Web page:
Kali-ARM on Samsung Snow Chromebook

I have a Samsung chormebook Snow. This is an ARM based chreomebook released in 2012. It has an Exynos 5250 processor. It's a bit low on the IO (1x USB2, 1x USB3 and a SD card slot) but i have it, and it's still useful. The size (~11" screen) is pretty compact and keyboard feel is decent too for the size.

I started using Kali-ARM on the chromebook when official ChromeOS support for it finished a few years ago. When i first installed it, offensive security had an image avaliable for download ( https://www.offensive-security.com/kali-linux-arm-images/ ) but with the latest release (2020.1) it was not listed, so i decided to try building it myself. And hence this journey and notes.

This is some quick notes on what i needed to do to get kali-arm building.

  1. Go to https://gitlab.com/kalilinux/build-scripts/kali-arm and follow the instructions listed in the Readme.md. In my case i had a lot of issues with getting the basic process to work without issues. I'll go into my issues and the solutions below. The instructions from the readme are basically:

    git clone https://gitlab.com/kalilinux/build-scripts/kali-arm
    cd kali-arm
    sudo ./build-deps.sh
    sudo ./chromebook-arm-exynos.sh 2019.2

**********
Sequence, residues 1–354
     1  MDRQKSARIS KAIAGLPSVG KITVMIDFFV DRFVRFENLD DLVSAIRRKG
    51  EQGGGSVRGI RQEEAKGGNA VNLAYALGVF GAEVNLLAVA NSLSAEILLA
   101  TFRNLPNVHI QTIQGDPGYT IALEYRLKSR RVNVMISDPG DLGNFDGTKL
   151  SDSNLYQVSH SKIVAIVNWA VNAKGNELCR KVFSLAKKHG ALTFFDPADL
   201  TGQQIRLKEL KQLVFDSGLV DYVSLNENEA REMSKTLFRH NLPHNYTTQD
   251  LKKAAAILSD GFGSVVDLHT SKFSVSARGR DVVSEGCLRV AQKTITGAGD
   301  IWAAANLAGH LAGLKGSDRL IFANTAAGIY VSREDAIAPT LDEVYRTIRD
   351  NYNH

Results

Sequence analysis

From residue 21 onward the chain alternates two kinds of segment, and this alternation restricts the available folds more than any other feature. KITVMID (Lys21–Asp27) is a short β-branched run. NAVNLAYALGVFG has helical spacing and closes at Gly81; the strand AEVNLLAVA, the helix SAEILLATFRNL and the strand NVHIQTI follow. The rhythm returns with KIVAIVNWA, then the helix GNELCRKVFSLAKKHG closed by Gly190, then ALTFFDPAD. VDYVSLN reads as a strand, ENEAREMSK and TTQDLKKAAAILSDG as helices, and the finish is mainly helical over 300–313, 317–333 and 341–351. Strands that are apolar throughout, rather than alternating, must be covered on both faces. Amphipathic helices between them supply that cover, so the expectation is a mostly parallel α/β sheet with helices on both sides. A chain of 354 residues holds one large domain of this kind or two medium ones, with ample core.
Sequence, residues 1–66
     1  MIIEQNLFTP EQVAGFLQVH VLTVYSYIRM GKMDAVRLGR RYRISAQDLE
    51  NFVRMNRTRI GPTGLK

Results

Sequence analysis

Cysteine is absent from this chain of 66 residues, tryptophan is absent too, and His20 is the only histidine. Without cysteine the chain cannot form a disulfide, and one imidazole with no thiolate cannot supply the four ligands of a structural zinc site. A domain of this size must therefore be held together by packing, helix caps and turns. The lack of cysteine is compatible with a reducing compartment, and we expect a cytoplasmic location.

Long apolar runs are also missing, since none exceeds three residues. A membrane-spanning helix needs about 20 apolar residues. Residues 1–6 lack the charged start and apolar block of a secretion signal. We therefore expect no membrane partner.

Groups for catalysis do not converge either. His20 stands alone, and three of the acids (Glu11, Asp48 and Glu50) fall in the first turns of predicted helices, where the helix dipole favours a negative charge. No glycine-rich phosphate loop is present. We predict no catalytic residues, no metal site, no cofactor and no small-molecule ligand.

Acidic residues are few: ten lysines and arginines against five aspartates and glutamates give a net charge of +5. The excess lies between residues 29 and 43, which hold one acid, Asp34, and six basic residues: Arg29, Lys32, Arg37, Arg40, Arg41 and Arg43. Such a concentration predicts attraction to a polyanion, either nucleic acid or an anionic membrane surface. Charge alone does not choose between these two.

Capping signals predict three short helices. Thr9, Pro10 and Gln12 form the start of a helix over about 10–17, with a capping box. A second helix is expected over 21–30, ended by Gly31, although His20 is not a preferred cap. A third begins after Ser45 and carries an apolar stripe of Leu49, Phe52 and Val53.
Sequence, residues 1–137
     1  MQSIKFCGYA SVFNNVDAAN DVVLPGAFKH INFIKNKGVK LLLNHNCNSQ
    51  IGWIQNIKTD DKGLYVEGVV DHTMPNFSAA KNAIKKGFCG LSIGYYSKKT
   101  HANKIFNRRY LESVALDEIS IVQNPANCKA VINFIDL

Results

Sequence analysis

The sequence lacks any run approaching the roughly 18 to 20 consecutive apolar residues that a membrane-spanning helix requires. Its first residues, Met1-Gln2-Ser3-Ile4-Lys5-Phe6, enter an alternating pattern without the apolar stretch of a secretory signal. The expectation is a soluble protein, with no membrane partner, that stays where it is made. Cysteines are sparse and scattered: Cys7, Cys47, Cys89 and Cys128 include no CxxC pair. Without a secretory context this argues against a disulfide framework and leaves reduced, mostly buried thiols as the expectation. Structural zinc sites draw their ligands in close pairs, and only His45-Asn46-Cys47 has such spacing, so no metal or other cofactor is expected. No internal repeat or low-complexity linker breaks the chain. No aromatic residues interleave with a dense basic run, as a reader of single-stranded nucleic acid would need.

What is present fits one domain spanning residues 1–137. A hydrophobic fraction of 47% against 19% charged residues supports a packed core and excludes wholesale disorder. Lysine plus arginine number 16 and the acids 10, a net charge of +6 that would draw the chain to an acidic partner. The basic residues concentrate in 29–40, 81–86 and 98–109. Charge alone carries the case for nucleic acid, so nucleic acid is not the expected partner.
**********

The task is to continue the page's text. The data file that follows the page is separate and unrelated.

2. If you don't have any issues with that process, you'll then get a nice image that you then copy (dd) to a SD card or USB stick. If you don't resize the created image, you'll boot just fine. if you want to resize the image to let you use the full capacity of the disk, you'll need some additional magic.


So. the issues i had were:

  1. the build-deps.sh script not installing all the required dependencies. I have no idea why, but several packages just got missed. this would cause the build to stop, which then requires deleting the WIP files and starting again.

  2. The version of debootstrap needs to be relatively recent. I was getting an issue with the line:

    LANG=C systemd-nspawn -M ${machine} -D kali-${architecture} /debootstrap/debootstrap --second-stage

    where the error was complaining about /proc being already mounted. From what i can tell, older versions of debootstrap do not check to see if /proc is mounted and then fail out. I upgraded the version of debootstrap and the problem stopped. The old version was iirc 1.0.97 and then version i upgraded to was 1.0.123

  3. Resizing the size of the partition deletes some magic chromeos partition information, which then causes the the chromebook to not boot and beep at you. This was a very frustrating excercise for me until i understood what was going on. the tool that is needed is cgpt . Some details of what is going on is here: http://manpages.ubuntu.com/manpages/bionic/man1/cgpt.1.html

    The key is about adding the priority, tries and succesful flags to the partition that holds the kernel. Assuming that you've copied the disk image created by the kail-arm build, and then resized the rootfs partion, you should run something like the following command

    sudo cgpt add -i 1 -P 10 -T 10 -S 1

    This sets the priority to 10, the number of tries to 10 and the succesful value to 1.



And that's all i have to say at the moment.

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